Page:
The Story of Scrap
Happy - The Hexagon Quilt that 'Growed'!
Scrap Happy is my most ambitious quilt yet. I enjoy hand sewing but this
It all started when I was given a few packets of mail order samples in
the shape of
triangles. I later came across the concept of charm quilts, bought a book
about them and
tried to machine the triangles together. I found that they were not perfectly
cut for that
purpose and they were too small and fiddly anyway. Hence the idea of returning
handsewing. This was just before Easter 1999.
I disliked sewing triangles by hand because of the acute angles, so it
was back to the tried
and tested hexagons. A bit archaic in the fact that patchwork has moved
on so much
since hexagons were just about all anybody did, especially here in Britain,
but they are such
a satisfying shape to sew together. Since then I am hooked on English
Paper Piecing because its a technique that can be taken around with you
- car journeys, waiting rooms, hospital bedsides, even meetings will find
me quietly stitching away! Friends, neighbours, friends of friends and
people from around the world have contributed from their stashes in the
manner of swopping for British dollshouse magazines. I have been amazed
at the variety of fabrics and it was such fun waiting for squishies, another
term I learned!
The general pattern of the quilt consists of a large central elongated
hexagon which is a
charm quilt in itself. There are 2782 hexagons in the centre. This was
all the quilt was ever intended to be. I didn't plan to make a full size
quilt at the outset. I 'finished' the quilt with a couple of rows of blue
fabric. I then thought it would be nice to do some more colour rows. I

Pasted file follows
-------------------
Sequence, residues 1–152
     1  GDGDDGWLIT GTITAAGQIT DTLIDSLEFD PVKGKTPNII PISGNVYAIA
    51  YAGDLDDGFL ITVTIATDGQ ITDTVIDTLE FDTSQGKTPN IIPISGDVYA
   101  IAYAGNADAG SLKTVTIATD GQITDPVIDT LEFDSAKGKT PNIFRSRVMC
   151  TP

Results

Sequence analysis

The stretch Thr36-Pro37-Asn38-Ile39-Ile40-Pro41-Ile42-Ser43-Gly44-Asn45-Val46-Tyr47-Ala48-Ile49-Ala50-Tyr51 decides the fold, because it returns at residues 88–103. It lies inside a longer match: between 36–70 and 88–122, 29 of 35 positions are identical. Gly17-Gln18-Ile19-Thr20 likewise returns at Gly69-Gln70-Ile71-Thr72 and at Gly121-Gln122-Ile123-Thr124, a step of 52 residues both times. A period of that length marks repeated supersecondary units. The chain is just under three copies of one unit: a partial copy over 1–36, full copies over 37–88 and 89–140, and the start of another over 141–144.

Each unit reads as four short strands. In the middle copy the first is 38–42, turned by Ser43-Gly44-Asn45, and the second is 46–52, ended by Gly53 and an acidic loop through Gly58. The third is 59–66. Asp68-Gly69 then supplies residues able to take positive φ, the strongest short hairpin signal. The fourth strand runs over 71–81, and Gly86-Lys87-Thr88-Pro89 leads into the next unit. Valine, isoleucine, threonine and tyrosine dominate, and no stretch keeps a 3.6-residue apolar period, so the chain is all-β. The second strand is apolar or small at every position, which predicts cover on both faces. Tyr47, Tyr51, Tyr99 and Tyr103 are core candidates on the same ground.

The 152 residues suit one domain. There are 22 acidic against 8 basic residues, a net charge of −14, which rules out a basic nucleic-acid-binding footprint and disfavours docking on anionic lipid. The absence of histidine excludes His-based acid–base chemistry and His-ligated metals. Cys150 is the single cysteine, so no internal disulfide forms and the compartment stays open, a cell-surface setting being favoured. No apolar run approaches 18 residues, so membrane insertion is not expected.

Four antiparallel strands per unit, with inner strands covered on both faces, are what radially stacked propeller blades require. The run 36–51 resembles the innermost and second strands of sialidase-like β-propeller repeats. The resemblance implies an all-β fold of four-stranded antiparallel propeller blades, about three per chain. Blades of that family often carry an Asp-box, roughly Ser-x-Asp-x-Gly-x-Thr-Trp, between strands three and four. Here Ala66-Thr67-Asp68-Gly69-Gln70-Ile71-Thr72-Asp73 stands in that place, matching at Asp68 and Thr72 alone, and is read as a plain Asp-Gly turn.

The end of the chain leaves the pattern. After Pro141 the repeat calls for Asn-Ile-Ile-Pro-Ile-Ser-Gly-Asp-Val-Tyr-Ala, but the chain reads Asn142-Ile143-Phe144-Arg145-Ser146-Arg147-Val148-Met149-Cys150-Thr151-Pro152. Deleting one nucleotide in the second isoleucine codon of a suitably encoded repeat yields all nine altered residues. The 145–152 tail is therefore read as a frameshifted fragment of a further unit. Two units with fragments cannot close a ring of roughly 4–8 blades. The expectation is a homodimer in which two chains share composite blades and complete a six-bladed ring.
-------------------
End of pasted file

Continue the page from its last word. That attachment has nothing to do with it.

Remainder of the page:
then finished it off again with a row of blue. Then madness took over.
I worked out on graph paper how I could surround the central area with
smaller areas of a similar shape. These were manageable areas to work
with and it was intriguing to see how the quilt grew.
And so it continued. By the time I had nearly finished the front I had
more scraps than ever. It seemed silly to buy backing material specially,
so I made another quilt with larger hexagons for the back. The materials
show up better in many ways and I can bore people with stories of the
skirts I made in the 60s, and precious fabrics from the 30s and 40s, plus
pieces from my children's dolls clothes in the 80s. Plus of course fabrics
from all over the world.
A particular treasured memory for me was putting in the final hexagon
on the front quilt on May 10th 2001, my late mother's birthday. The timing
of this wasn't planned, just a happy coincidence. The family then celebrated
with champagne when it was finally finished ten days later after nearly
two and half years of working on it just about every day.
Now find out what happened to some of the leftover scraps!